Eating red meat can increase rheumatoid arthritis symptoms

Eating red meat can increase rheumatoid arthritis symptoms

The consumption of red meat favors chronic inflammation.

Photo: Ruslan Khmelevsky / Pexels

Current research reveals that eating red meat can increase the risk of various diseases and worsen the symptoms of existing ones. It can affect heart health, increase the risk of colon cancer, promote chronic inflammation, can increase symptoms of rheumatoid arthritis and also provoke the early onset of the disease.

Rheumatoid arthritis is a type of inflammatory arthritis that can cause pain, swelling, and damage to the joints.. It happens when the immune system does not work properly and attacks the lining of the joints.

According to the National Institutes of Health, in people with rheumatoid arthritis, movement may be limited in affected joints, reducing a person’s ability to perform even the most basic daily tasks.

Early onset of rheumatoid arthritis

A study conducted by researchers at the Peking University People’s Hospital and shared by Nature in March this year, points out that high consumption of red meat is associated with the early onset of rheumatoid arthritis, especially in smokers or overweight patients.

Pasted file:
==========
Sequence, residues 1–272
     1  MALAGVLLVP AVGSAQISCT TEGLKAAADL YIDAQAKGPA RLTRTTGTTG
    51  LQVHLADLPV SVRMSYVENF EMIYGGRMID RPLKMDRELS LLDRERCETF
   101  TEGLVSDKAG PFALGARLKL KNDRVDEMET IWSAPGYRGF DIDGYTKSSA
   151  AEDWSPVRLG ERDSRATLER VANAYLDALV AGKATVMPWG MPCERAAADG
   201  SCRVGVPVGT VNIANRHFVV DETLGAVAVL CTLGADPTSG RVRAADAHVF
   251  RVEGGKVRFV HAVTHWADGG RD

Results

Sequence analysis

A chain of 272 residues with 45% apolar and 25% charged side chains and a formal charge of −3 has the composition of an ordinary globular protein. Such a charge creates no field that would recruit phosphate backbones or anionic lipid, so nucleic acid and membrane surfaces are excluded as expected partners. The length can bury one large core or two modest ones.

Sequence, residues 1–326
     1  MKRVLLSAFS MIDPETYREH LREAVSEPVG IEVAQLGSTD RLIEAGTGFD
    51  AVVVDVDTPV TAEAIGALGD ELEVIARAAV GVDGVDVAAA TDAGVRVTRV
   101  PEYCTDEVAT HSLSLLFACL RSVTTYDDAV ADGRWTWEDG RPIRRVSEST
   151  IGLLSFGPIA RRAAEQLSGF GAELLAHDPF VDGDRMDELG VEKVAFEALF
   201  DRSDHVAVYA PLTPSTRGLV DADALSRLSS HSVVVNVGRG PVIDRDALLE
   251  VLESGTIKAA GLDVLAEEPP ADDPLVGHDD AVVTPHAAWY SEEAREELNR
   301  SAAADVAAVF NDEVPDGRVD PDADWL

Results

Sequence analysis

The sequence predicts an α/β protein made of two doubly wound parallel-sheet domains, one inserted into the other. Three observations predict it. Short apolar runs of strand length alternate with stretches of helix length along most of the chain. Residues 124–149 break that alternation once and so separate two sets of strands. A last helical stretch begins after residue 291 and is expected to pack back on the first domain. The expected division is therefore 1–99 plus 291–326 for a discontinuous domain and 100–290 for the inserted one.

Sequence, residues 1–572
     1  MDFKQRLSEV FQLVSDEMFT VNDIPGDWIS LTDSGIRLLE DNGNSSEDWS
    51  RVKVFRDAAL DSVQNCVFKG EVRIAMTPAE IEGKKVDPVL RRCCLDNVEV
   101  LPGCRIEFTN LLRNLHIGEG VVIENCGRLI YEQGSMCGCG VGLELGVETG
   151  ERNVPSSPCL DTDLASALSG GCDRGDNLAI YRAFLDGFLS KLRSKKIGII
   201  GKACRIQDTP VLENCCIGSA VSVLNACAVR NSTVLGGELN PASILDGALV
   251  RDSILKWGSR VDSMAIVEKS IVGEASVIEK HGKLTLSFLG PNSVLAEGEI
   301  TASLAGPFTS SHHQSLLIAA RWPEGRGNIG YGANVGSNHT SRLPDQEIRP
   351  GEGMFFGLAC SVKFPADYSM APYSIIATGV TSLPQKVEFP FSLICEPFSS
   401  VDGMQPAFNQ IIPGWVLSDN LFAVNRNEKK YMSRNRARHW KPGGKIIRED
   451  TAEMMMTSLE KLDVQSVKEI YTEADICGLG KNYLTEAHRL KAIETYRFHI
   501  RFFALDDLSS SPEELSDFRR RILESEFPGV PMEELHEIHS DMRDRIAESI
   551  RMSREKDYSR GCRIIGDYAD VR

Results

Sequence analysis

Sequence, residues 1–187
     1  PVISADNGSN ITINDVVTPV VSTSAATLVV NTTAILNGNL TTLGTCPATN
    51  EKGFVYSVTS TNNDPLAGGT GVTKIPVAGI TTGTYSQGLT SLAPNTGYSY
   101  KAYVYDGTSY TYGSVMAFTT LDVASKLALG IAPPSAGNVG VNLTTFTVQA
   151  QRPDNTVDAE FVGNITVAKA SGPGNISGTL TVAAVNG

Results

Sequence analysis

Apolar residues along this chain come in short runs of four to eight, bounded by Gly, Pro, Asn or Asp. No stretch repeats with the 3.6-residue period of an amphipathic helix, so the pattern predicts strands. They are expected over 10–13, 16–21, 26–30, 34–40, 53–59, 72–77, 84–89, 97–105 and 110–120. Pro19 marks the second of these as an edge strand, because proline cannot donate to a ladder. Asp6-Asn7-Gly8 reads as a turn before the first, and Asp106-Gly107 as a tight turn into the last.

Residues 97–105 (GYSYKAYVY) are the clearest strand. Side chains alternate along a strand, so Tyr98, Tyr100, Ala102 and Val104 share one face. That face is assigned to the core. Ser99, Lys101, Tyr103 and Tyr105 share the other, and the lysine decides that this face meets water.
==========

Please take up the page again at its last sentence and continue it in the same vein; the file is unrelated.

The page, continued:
Based on their findings, the study authors indicate that eating less red meat could be a recommendation for patients at risk of developing the disease.

This disease can cause a person to feel unusually tired, have occasional fevers, and lose their appetite.

Rheumatoid arthritis usually affects the hands, knees, feet, ankles, spine, knees, and jaw. But It can also cause problems in the eyes, the heart and the circulatory system and the lungs. as explained by the Arthritis Foundation.

Red meat consumption and increased rheumatoid arthritis symptoms

Various studies link red and processed meat to inflammation and increased symptoms of arthritis.

Healthline shares a study in women published in The American Journal of Clinical Nutrition indicating that high consumption of red and processed meats demonstrates high levels of inflammatory markers.

Doctors point out that one of the most powerful tools to fight inflammation does not come from the pharmacy, but from our diet. “Many experimental studies have shown that components of food or drink can have anti-inflammatory effects,” says Dr. Frank Hu, professor of nutrition and epidemiology in the Department of Nutrition at the Harvard School of Public Health.

To reduce the risk of inflammation, foods that cause it should be avoided, such as: refined carbohydrates, such as white bread and cakes; fried foods; sugary drinks like soda; red meat and processed meats; margarine and butter.

It may interest you:

Source link